The characters are entertaining, though sometimes a tad confusing. With everyone from Hell having a reversed morality and thus reversing things like swearing and blaspheming it can be challenging to figure out which sentiments belong to who. But those few bumps aside the concept of the book is more than solid, and the creativity is delicious. As Manray and company become fleshed out so to does the plot, both pulling the other forward and flinging the story along, rather like being the whip at the end of an ice skating line. And there are plot twists aplenty, though the tale is strange enough not to really need them. Certainly not your average tales about Hell!
I will admit that I was hesitant to request this book because I was not particularly fond of <em>Last God Standing</em>, author Michael Boatman's previous book. But I think it's only fair to give an author more than one read, and I typically really like the books published by Angry Robot.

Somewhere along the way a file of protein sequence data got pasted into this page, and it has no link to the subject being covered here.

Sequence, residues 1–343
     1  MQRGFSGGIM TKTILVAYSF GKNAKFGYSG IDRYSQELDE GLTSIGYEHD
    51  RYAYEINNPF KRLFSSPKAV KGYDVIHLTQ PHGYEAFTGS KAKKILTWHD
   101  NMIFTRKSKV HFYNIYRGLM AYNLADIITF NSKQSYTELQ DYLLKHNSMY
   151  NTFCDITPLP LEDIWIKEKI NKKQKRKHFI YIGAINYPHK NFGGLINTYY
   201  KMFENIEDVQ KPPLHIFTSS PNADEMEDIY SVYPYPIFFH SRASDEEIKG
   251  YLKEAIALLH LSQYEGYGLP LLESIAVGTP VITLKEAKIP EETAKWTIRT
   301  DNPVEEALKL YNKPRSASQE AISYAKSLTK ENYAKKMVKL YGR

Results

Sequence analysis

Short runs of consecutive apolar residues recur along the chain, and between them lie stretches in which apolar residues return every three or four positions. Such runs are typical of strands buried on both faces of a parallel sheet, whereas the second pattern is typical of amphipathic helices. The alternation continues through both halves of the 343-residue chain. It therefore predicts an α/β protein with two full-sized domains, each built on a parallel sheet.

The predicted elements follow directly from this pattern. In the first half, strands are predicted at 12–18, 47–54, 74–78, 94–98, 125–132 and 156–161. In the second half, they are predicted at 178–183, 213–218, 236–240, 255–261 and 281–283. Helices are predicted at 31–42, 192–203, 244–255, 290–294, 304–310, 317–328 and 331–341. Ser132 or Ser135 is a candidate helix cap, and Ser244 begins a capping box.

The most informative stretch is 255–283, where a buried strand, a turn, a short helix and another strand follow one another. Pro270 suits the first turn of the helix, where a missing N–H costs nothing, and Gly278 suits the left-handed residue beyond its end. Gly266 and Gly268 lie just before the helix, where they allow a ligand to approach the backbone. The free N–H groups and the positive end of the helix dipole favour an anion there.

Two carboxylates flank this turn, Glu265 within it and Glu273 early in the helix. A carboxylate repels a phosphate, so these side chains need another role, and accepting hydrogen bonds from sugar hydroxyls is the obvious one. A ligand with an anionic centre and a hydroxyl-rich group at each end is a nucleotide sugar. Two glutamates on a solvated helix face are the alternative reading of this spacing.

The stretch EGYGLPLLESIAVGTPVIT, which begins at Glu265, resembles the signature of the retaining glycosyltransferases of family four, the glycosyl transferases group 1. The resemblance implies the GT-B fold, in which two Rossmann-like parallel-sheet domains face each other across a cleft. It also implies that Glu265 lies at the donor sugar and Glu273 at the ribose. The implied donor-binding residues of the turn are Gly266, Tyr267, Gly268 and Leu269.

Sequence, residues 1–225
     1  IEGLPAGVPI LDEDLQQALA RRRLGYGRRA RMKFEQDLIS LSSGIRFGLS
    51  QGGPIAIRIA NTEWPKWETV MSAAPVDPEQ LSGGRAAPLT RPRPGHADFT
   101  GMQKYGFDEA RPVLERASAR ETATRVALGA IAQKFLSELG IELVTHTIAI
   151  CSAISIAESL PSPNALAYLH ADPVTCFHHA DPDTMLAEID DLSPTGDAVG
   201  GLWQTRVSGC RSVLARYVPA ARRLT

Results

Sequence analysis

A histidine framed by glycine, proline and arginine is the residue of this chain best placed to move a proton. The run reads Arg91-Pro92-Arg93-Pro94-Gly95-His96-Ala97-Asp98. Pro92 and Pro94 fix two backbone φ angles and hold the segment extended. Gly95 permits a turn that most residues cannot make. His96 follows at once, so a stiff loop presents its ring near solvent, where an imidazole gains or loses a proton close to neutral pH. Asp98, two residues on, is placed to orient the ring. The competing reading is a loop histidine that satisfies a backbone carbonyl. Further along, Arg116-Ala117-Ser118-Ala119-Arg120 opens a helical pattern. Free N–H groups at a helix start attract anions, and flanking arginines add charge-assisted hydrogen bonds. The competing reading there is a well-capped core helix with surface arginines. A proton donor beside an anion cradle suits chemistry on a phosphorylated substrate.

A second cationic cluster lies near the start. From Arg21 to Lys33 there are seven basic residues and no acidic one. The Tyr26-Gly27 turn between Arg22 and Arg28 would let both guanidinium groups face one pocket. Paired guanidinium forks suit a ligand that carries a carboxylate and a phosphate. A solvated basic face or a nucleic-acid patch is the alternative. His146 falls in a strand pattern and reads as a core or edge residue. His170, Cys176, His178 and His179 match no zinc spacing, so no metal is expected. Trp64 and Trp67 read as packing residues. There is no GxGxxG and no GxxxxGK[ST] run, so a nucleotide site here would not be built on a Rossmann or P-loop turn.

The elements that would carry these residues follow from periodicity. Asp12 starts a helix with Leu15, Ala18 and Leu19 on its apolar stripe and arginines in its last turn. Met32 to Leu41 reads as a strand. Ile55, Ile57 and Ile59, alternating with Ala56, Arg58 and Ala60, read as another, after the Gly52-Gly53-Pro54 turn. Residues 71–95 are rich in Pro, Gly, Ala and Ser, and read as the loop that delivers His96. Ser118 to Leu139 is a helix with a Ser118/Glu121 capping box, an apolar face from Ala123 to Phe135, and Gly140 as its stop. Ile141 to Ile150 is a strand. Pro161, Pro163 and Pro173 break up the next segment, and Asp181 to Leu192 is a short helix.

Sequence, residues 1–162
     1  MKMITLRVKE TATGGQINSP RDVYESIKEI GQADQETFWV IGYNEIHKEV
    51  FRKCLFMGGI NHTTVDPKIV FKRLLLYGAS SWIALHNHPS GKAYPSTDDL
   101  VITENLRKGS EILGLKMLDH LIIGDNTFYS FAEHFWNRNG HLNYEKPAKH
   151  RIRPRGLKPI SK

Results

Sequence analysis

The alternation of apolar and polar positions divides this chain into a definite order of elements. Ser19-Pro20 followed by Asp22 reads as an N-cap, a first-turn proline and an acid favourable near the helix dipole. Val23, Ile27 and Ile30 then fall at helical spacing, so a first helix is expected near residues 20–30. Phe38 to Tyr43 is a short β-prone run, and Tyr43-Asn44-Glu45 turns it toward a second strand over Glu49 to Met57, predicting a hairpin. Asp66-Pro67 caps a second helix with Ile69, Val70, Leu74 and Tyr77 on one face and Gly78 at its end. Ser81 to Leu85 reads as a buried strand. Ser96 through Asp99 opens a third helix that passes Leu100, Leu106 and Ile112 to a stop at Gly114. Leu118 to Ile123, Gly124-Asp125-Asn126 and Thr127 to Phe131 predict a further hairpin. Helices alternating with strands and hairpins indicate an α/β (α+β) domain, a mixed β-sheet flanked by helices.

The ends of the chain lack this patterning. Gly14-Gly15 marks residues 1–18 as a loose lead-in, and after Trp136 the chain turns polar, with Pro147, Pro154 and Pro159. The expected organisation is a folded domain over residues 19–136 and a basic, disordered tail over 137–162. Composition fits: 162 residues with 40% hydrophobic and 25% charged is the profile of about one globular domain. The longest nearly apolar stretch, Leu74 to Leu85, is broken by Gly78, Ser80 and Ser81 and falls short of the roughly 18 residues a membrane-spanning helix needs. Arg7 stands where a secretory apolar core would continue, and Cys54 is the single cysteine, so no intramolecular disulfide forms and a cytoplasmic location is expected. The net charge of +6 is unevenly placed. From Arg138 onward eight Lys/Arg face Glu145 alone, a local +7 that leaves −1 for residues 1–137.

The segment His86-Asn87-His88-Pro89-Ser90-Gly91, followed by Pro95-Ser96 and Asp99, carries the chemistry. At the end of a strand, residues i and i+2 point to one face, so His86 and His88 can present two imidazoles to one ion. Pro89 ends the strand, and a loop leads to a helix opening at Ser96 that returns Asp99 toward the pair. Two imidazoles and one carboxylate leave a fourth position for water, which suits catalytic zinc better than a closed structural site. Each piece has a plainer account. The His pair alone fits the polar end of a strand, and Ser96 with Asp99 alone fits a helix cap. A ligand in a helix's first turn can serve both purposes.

In <em>Who Wants to Be the Prince of Darkness?</em>, Lucifer is in retirement when he hears that Gabriel (the current underworld ruler) wants to model hell after earth and he starts recruiting souls through the mind-numbing medium that is television. More specifically, through a game-show.
To fight back, and to keep his precious hell the way it was meant to be, Lucifer seeks out a champion to fight for all that is hellacious. But Lucifer's Chosen One doesn't seem to know that he's in a fight, or if he does, he doesn't seem to understand what it's all about. But it does seem that maybe Lucifer has something up his sleeve.